action from 2006 to 2007. Similarly, according to the Healthcare Integrity and Protection Data

    Bank (2007), over 65,000 disciplinary actions against RNs and nurse practitioners were reported

    from 1996 to 2007 with a 4.3% increase in the incidence of disciplinary action from 2006 to

    2007. Pulich and Tourigny have summarized why minimizing deviant behavior in the healthcare

    sector is so important: with competition among health care organizations today it is imperative

    that employees perform their jobs as efficiently and effectively as possible Deviant workplace

    3

  • behavior is a serious threat to todays healthcare organizations because it violates organizational

    norms, jeopardizes goal achievement, and threatens the overall well being of patients and

    employees (2004, 290, 301).

    Yet deviant behavior in healthcare remains under researched and under managed (Pulich

    and Tourigny 2004; Robeznieks 2009). We are unaware of any empirical research aimed

    specifically at showing healthcare managers how to minimize or prevent such behavior. To

    address this gap, we draw on theory and research from organizational behavior to examine how

    an employees perceptions of leadership, organizational management, and job design factors

    predict subsequent deviant behavior over a one-year period in a large U.S. healthcare

    organization.

    Forms of Deviant Behavior

    In a seminal paper, Robinson and Bennett (1995) classified employee deviant behaviors

    into two primary categories based on the intended target of the behavior: organizational

    deviance and interpersonal deviance. Organizational deviance refers to deviant behaviors

    directed at the organization, such as lateness, tardiness, and absenteeism, wasting organizational

    resources, and stealing from the organization. Interpersonal deviance refers to deviant behaviors

    directed at individuals, including gossiping, verbal abuse, harassment, and stealing from

    coworkers.

    Leadership

    Employees perceptions of their relationships with their leaders have a considerable

    impact on their attitudes and behaviors such as job satisfaction, turnover intentions, and job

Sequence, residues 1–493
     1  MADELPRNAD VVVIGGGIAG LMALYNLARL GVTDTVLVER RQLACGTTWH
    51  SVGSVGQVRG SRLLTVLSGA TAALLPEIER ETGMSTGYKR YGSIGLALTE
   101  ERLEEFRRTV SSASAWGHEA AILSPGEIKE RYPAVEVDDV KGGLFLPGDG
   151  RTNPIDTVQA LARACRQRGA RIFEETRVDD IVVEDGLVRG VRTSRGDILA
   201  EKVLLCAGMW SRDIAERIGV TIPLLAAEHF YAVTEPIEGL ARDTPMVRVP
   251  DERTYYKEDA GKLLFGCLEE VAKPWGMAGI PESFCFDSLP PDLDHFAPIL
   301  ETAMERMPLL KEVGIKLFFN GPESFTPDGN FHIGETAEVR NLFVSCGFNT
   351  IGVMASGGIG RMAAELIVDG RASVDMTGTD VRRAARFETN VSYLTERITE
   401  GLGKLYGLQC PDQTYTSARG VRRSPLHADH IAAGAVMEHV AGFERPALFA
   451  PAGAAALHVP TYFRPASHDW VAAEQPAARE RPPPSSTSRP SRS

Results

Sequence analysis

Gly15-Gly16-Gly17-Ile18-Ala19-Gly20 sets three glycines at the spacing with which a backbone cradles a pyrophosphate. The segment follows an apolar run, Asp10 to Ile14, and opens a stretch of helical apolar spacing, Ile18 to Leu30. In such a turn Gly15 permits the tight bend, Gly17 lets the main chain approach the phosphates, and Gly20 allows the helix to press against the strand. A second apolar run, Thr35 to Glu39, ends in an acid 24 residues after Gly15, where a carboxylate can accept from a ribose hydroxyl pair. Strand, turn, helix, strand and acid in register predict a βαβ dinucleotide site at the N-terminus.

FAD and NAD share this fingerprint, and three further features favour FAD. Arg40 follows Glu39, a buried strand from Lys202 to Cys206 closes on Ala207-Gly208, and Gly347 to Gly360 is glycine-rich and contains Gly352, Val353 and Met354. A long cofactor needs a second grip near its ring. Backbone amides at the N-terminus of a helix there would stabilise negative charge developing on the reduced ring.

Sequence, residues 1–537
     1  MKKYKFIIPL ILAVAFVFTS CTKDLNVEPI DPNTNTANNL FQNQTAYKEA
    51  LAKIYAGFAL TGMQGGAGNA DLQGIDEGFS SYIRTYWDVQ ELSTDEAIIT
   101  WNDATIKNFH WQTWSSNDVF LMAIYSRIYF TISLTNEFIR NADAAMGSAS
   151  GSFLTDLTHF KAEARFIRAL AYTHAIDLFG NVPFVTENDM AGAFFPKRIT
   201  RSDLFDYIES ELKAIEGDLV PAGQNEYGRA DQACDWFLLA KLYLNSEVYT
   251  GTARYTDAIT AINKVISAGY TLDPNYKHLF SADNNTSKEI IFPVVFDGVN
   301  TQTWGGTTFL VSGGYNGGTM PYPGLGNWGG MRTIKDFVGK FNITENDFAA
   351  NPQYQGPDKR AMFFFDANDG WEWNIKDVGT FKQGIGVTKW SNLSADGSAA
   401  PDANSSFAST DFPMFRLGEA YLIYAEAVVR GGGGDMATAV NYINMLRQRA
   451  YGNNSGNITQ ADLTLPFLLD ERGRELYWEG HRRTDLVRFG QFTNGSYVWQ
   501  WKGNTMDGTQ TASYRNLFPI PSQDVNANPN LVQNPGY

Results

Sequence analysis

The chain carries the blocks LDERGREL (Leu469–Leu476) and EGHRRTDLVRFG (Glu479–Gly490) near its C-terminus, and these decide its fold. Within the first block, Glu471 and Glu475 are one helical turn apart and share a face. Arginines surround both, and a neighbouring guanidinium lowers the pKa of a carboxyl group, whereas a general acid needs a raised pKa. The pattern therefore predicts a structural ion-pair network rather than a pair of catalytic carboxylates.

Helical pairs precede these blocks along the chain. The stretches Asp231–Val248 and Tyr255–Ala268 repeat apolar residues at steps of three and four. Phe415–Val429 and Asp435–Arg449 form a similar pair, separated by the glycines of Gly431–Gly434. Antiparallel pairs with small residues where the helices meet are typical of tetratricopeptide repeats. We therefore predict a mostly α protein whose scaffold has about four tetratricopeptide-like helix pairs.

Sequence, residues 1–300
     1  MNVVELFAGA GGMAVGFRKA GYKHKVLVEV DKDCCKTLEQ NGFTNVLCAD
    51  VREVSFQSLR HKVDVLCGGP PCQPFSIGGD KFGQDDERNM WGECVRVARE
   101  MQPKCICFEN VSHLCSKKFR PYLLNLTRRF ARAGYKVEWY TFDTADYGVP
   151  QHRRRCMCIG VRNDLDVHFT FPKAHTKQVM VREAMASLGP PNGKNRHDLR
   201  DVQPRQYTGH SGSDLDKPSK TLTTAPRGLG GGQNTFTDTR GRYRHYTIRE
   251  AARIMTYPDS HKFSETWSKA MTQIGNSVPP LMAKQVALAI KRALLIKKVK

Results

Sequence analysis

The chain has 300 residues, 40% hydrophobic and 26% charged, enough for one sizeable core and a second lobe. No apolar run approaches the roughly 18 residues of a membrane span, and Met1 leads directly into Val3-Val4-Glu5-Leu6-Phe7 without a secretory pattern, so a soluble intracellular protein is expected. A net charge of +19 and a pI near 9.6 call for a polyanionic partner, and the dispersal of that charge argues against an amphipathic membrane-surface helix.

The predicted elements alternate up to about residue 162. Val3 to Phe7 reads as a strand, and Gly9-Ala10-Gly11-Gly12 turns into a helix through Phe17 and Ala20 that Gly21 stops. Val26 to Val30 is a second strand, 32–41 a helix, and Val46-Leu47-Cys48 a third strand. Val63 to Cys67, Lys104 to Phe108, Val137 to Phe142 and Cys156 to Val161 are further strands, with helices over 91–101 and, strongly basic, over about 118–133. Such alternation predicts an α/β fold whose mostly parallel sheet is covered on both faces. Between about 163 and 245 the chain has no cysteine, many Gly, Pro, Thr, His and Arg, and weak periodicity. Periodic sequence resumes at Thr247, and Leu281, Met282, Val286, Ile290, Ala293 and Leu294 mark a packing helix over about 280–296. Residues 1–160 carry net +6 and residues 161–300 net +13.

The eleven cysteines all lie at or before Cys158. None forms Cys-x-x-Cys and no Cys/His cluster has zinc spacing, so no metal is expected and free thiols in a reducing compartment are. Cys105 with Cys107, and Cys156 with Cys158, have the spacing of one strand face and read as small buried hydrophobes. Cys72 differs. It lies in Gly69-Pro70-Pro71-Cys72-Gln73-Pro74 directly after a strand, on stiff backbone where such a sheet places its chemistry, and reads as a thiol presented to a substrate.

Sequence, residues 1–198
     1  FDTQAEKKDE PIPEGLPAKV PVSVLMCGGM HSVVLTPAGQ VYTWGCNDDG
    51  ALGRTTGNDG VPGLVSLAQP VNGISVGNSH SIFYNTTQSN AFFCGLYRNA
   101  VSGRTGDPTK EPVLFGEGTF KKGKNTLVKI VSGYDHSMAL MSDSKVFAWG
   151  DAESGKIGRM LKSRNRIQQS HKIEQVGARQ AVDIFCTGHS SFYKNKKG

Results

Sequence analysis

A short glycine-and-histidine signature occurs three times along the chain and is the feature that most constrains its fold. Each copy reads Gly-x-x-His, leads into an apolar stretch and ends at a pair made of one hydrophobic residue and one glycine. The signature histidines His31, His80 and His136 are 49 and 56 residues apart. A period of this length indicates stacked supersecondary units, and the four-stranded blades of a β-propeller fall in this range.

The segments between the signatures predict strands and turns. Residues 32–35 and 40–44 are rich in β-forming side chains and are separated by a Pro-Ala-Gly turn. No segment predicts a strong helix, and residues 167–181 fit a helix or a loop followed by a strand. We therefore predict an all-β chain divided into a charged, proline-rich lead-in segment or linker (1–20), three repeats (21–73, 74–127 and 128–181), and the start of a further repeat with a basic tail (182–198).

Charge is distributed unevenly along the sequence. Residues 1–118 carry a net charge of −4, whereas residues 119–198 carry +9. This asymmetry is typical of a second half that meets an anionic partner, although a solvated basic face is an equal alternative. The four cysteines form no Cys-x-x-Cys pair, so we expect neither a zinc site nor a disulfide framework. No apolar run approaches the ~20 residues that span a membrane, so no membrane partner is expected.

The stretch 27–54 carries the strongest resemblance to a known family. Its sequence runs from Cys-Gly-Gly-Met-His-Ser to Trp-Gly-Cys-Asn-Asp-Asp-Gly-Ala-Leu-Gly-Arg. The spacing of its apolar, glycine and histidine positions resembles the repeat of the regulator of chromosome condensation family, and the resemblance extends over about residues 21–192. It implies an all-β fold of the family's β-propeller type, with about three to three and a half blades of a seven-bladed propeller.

performance (Gerstner and Day 1997). One critical leadership perception among employees is

    called leader member exchange or LMX (Graen and Scandura 1987), defined as employees

    overall perceptions of the quality of their relationship with a given leader or supervisor. A high-

    4

  • quality relationship is one in which employees perceive that leaders support them emotionally,

    trust them, and give them feedback (Dienesch and Liden 1986). Conversely, low-quality

    relationships are characterized by low levels of trust, limited support, and infrequent feedback

    (Dienesch and Liden 1986; Gerstner and Day 1997). Leader-member exchange theory posits

    that leaders treat different subordinates differently, depending on whether the latter are part of

    the in-group or out-group (Graen and Scandura 1987). In-group subordinates perform their

    jobs in accordance with the wishes of leaders and can be counted on by the supervisor to

    volunteer for extra work and responsibilities (Dienesch and Liden 1986). Out-group

    subordinates tend to avoid volunteer activities and are less likely to conform to the wishes of

    leaders (Deluga 1998).

    According to social exchange theory, employee behavior is strongly influenced by the

    supportiveness of leaders (Blau 1964; Gouldner 1960). When employees observe that they

    receive support, trust, and other tangible and intangible benefits from their leaders, they develop

    an obligation to reciprocate with appropriate work attitudes and performance (Gouldner 1960).

    In contrast, when employees experience poor leader-member relations and receive inferior

    resources, responsibilities, and outcomes for the same job title, they are likely to reciprocate with

    negative behaviors. Several studies have shown that employees often engage in deviant behavior

    when they perceive that their supervisor treats them worse than their peers (DeMore, Fisher, and

    Baron 1988; Greenberg and Scott 1996; Gilliland 1993; Jermier, Knights, and Nord 1994;

    Skarlicki and Folger 1997). Therefore, we hypothesized that when employees perceive a lack of

    support, trust, and other tangible and intangible benefits from their leaders, they will reciprocate

    with an increased likelihood of disruptive and undesirable job behaviors directed at the

    individual. More specifically, employees who endure unfavorable differential treatment by their

    supervisor are likely to respond with negative behaviors such as improper personal

    5

  • conduct/insubordination. Similarly, employees who belong to the out-group are likely to

    respond to in-group peers with negative behaviors such as harassment because o